When asked what he would do as governor for LGBTQ youth, Kennedy aluded to Illinois's less-than-stellar contemporary national reputation, saying, "We want that parents to think, 'Oh, yeah, I'm so lucky to live in Illinois.' There are other states that are much more inclusive in grade or high school." Pritzker spoke of wanting to advocate for children across Illinois, not just in Chicagoland, and said he would direct the Illinois State Board of Education to set guidelines for schools and for the state government to enforce them. Biss again recalled his support for an equal rights amendment and for Illinois state forms to not include the gender binary.

In a lightning round of questions, all candidates promised to hire qualified trans staffers, hire LGBQT people to senior positions, and appoint openly LGBTQ people to state boards.

Regarding LGBTQ housing discrimination, especially for seniors, Daiber proposed that applications for business regarding real estate, community property or rentals require no gender identification. Pritzker proposed a higher minimum wage to attract better applicants for caregiving positions and to improve their training, especially as it pertains to LGBT patients. He also wants to expand funding for home care programs. Biss said he wants to strengthen and toughen anti-discrimination laws and provide better wages and training to caregivers.

The candidates were then asked about how they would protect the LGBTQ immigrant community. Daiber said he supported Illinois being a sanctuary state and Chicago a sanctuary city. Hardiman said he supported a pathway-to-citizenship, something Kennedy also said he supported, adding that he could pressure Illinois' congressional delegation to support it. Pritzker and Biss both vowed to strengthen the Illinois Trust Act, which limits local police involvement with federal immigration authorities. Biss also proposed that undocumented people be covered under a single-payer health insurance program.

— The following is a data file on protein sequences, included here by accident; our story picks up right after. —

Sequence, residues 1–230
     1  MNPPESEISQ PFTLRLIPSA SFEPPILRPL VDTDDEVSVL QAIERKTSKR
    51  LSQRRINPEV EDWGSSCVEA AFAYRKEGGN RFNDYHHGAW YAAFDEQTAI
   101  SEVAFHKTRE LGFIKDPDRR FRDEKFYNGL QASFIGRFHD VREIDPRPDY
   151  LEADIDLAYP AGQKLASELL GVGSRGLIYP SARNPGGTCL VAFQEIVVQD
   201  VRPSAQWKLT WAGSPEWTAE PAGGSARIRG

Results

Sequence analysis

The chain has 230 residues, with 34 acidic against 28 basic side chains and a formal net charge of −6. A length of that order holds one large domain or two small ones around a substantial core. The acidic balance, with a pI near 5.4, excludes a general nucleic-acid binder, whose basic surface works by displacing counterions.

The last question was about LGBTQ youth homelessness. Biss and Daiber gave more detailed answers: Biss attacked the budget-related cuts and set the goal of actually ending homelessness in Illinois, through a removal of Chicago's ban on rent control and a progressive income tax. Daimer discussed the difficulty in addressing this topic in rural areas, as they are more difficult to service because of their lower population density.

In closing statements, Biss spoke of the needs of intersectional LGBTQ people. Generally seen as one of the three top candidates, alongside Pritzker and Kennedy, he urged voters to not allow the election to be an auction, a jab at the deep-pocketed other two alongside Gov. Rauner, whose combined net worth is in the billions. Kennedy said, "It's time for us all to gather and stop the slaughter in this city and to stop the oppression of Bruce Rauner." Daiber talked of overcoming the divisions between Chicagoland and the rest of the state and reiterated his support for an equal rights amendment and a progressive income tax. Pritzker encouraged people to consider his previous LGBTQ rights work and who will most likely be able to beat Governor Rauner.

In closing, moderator Brian C. Johnson reminded the candidates of the pervasiveness of the LGBTQ community: "We live in every ward in this city. We live in every county in this state."

The Illinois gubernatorial primaries occur March 20, 2018 and the gubernatorial election will be held November 6.